WILTON, N.Y. (NEWS10) — Two police officers and two civilians were recognized on Wednesday for their roles in helping save the life of a motorcyclist after a crash in Wilton. The Saratoga County Sheriff’s Office said the man’s lower leg was severed after the crash on Route 9 on July 29.

Sergeant Ryan Mahan of the Saratoga County Sheriff’s Office and Trooper Taylor Salaway of the New York State Police were awarded the Saratoga County Sheriff’s Office’s Life Saving award. Sheriff Michael Zurlo said Mahan applied a tourniquet to the motorcyclist’s leg when he arrived on scene. He and Salaway then applied a second tourniquet after the first did not stop the bleeding.

Christopher and Jill Rafferty of Moreau were awarded the Saratoga County Sheriff’s Office’s Samaritan award. Both stopped to help the motorcyclist before police arrived. Zurlo said Christopher Rafferty applied a bandana as a tourniquet to the motorcyclist’s leg and both he and his wife remained with him until police took over. Their son Evan, who is a member of the Sheriff’s Explorer program, accepted the award on his mother’s behalf.

honorees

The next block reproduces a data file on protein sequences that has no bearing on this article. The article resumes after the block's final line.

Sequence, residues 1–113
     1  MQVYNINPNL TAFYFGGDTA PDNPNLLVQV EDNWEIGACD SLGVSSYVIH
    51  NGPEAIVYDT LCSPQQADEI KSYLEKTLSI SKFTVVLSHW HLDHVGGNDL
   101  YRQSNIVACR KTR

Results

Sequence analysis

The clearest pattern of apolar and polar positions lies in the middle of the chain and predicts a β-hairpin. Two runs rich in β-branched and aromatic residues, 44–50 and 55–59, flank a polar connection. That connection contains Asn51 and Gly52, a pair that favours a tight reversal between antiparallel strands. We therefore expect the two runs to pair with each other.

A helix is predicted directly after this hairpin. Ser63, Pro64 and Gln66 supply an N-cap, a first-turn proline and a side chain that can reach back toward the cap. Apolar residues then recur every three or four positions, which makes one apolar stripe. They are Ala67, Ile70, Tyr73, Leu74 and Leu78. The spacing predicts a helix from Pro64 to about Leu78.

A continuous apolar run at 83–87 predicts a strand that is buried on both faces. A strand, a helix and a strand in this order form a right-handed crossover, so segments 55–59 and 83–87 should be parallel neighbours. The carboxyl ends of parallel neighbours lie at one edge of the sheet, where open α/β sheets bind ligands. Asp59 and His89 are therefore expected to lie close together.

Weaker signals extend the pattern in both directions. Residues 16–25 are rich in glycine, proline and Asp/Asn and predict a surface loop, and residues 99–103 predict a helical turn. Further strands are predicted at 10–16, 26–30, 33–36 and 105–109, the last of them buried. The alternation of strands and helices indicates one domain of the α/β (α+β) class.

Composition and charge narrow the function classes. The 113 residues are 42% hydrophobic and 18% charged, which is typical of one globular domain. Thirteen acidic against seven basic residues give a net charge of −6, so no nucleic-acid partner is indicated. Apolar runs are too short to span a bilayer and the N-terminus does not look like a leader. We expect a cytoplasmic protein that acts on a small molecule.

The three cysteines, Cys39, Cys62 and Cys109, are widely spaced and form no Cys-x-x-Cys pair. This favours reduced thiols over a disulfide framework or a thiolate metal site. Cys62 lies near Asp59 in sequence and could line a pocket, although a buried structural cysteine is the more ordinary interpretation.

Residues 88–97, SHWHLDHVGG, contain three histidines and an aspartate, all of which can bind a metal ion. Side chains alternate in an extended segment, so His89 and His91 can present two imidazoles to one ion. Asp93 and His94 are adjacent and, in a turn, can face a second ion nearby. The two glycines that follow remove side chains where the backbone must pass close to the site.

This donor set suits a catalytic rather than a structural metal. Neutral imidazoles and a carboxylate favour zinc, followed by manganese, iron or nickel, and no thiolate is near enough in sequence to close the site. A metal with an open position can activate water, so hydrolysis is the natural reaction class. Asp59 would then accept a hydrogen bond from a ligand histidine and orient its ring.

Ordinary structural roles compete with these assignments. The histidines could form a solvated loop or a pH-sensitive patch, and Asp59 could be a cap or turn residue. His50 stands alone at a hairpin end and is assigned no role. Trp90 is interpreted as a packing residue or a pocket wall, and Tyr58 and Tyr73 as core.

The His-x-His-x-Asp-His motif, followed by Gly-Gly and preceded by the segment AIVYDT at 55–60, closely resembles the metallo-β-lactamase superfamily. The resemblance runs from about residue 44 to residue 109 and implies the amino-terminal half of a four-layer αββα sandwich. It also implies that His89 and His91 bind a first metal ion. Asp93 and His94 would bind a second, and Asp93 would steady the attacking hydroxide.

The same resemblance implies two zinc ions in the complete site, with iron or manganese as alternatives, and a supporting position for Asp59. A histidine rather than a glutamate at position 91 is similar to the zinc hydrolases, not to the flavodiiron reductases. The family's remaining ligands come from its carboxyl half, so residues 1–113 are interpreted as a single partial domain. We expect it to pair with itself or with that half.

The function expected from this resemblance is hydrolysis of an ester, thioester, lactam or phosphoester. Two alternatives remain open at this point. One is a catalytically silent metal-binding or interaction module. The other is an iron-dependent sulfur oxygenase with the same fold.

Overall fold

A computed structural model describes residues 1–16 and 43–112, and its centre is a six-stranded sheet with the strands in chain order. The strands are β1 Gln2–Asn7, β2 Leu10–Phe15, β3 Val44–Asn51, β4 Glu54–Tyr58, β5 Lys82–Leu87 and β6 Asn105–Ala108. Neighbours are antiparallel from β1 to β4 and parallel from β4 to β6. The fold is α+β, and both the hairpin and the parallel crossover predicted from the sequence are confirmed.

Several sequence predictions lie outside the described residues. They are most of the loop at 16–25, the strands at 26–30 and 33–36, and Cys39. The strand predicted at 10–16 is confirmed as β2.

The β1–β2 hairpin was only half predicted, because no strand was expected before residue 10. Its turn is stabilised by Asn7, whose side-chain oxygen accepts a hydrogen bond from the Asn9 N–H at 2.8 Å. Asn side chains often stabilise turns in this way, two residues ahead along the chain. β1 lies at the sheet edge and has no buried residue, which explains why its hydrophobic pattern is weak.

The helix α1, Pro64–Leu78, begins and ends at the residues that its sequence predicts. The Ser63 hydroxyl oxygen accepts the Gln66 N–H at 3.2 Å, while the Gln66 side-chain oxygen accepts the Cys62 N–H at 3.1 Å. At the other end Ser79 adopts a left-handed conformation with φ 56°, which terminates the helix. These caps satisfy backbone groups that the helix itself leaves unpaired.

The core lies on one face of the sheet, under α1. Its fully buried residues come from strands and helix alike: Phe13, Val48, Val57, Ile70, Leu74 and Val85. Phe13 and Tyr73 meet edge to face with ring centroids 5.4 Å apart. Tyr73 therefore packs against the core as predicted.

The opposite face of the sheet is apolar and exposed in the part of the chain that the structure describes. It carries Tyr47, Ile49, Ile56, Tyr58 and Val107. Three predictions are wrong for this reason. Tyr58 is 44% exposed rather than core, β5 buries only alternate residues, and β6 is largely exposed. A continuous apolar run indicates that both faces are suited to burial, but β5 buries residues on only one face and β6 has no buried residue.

Pictured from left to right: Sheriff Michael H. Zurlo, Evan Rafferty, Christopher Rafferty, Sergeant Ryan Mahan, Trooper Taylor Salaway, and Captain Shawnda Walbridge (Saratoga County Sheriff’s Office)

Mahan and Salaway were honored for performing an act in the line of duty which resulted in saving a life. The Raffertys were honored for an act of humanity as a friend to a person in need during an accident, and for giving understanding and confidence to that person.

“Sergeant Mahan and Trooper Salaway both showed us what a police officer is. When the chips were down, they acted and a person is alive today because of them,” said Zurlo. “It is truly what we do when nobody is looking that defines what a hero is. The selflessness and compassion shown towards a fellow human being on the part of the Rafferty’s was perhaps one of the most commendable acts I’ve seen in my career.”

The Sheriff’s Office’s tourniquet program began in 2016 with equipment under the 1033 program. The program authorizes the Department of Defense to transfer excess military property to state and local law enforcement agencies.